Article | Published:

Complete electron economy by pairing electrolysis with hydrogenation

Nature Catalysisvolume 1pages501507 (2018) | Download Citation

Abstract

Electrosynthesis provides a method of driving organic reaction chemistry under ambient conditions with electricity. Pairing two reactions together enables the synthesis of two valuable chemicals with no waste product. Here we report the paired electrolysis of 4-methoxybenzyl alcohol to 4-methoxybenzaldehyde with the concomitant formation of 1-hexene from 1-hexyne in an electrochemical cell. These reaction chambers are separated by a dense palladium membrane that reduces protons formed at the anode to hydrogen atoms that can permeate through the palladium foil to hydrogenate 1-hexyne. The palladium membrane enables two reactions to be performed in distinct reaction conditions: hydrogenation in organic solvents and electrochemical oxidation in aqueous electrolyte. The starting materials in both chambers react quantitatively over 5 hours of electrolysis, and selectivities ≥95% can be achieved for 4-methoxybenzaldehyde and 1-hexene with control of reaction conditions. Exquisite control of the reaction kinetics and selectivities of each of the individual reactions is demonstrated.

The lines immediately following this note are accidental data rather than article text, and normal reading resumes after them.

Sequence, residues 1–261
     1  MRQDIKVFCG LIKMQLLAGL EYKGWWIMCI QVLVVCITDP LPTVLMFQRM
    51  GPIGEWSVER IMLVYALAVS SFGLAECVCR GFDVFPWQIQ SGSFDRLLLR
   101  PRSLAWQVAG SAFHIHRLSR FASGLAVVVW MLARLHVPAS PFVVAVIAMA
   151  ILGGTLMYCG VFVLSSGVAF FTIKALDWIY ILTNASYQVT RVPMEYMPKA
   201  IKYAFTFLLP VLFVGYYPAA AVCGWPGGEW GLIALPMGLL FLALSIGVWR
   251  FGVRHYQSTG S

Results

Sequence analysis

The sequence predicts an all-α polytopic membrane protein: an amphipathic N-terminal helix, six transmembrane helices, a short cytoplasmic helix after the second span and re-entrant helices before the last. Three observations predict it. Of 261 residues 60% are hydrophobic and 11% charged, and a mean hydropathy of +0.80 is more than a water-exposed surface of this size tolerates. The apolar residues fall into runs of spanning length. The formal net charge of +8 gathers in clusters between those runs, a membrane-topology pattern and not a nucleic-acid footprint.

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Acknowledgements

The authors are grateful to the Canadian Natural Science and Engineering Council (RGPIN 337345-13), Canadian Foundation for Innovation (229288), Canadian Institute for Advanced Research (BSE-BERL-162173), Canada Research Chairs and Google for financial support. Thank you to Y. Ling in the University of British Columbia Mass Spectrometry Centre for assistance with the gas chromatography–mass spectrometer instrument and to G. Owen in the Centre for High-Throughput Phenogenomics for assistance with scanning electron microscope imaging.

Author information

Affiliations

  1. Department of Chemistry, The University of British Columbia, Vancouver, British Columbia, Canada

    • Rebecca S. Sherbo
    • , Valerie A. Chiykowski
    • , Benjamin P. MacLeod
    •  & Curtis P. Berlinguette
  2. Department of Chemical and Biological Engineering, The University of British Columbia, Vancouver, British Columbia, Canada

    • Roxanna S. Delima
    •  & Curtis P. Berlinguette
  3. Stewart Blusson Quantum Matter Institute, The University of British Columbia, Vancouver, British Columbia, Canada

    • Roxanna S. Delima
    • , Benjamin P. MacLeod
    •  & Curtis P. Berlinguette

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Contributions

R.S.S., B.P.M. and C.P.B. devised the concept. R.S.S. and R.S.D. performed preliminary proof-of-concept experiments. R.S.S. performed paired electrolysis experiments. V.A.C. helped with characterization. R.S.S. and C.P.B. wrote the manuscript. C.P.B. supervised the project.

Competing interests

The authors declare no competing interests.

Corresponding author

Correspondence to Curtis P. Berlinguette.

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DOI

https://doi.org/10.1038/s41929-018-0083-8

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